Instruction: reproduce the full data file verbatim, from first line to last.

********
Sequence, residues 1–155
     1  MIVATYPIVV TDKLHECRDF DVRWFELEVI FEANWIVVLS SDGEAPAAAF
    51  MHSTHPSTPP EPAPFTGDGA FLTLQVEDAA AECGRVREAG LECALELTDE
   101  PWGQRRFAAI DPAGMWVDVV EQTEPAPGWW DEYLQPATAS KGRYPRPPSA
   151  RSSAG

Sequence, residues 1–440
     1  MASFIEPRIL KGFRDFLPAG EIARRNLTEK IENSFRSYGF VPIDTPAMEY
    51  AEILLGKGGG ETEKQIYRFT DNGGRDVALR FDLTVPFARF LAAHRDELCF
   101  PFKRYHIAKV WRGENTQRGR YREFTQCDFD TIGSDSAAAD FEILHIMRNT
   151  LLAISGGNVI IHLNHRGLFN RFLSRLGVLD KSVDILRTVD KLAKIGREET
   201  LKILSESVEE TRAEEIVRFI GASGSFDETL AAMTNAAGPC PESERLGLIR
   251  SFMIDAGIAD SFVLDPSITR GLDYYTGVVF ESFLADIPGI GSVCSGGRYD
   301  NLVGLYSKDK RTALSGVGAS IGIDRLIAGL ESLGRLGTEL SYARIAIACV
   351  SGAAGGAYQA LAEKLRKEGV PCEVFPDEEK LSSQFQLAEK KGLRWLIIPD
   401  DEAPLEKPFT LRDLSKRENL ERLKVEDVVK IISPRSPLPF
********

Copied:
Sequence, residues 1–155
     1  MIVATYPIVV TDKLHECRDF DVRWFELEVI FEANWIVVLS SDGEAPAAAF
    51  MHSTHPSTPP EPAPFTGDGA FLTLQVEDAA AECGRVREAG LECALELTDE
   101  PWGQRRFAAI DPAGMWVDVV EQTEPAPGWW DEYLQPATAS KGRYPRPPSA
   151  RSSAG

Sequence, residues 1–440
     1  MASFIEPRIL KGFRDFLPAG EIARRNLTEK IENSFRSYGF VPIDTPAMEY
    51  AEILLGKGGG ETEKQIYRFT DNGGRDVALR FDLTVPFARF LAAHRDELCF
   101  PFKRYHIAKV WRGENTQRGR YREFTQCDFD TIGSDSAAAD FEILHIMRNT
   151  LLAISGGNVI IHLNHRGLFN RFLSRLGVLD KSVDILRTVD KLAKIGREET
   201  LKILSESVEE TRAEEIVRFI GASGSFDETL AAMTNAAGPC PESERLGLIR
   251  SFMIDAGIAD SFVLDPSITR GLDYYTGVVF ESFLADIPGI GSVCSGGRYD
   301  NLVGLYSKDK RTALSGVGAS IGIDRLIAGL ESLGRLGTEL SYARIAIACV
   351  SGAAGGAYQA LAEKLRKEGV PCEVFPDEEK LSSQFQLAEK KGLRWLIIPD
   401  DEAPLEKPFT LRDLSKRENL ERLKVEDVVK IISPRSPLPF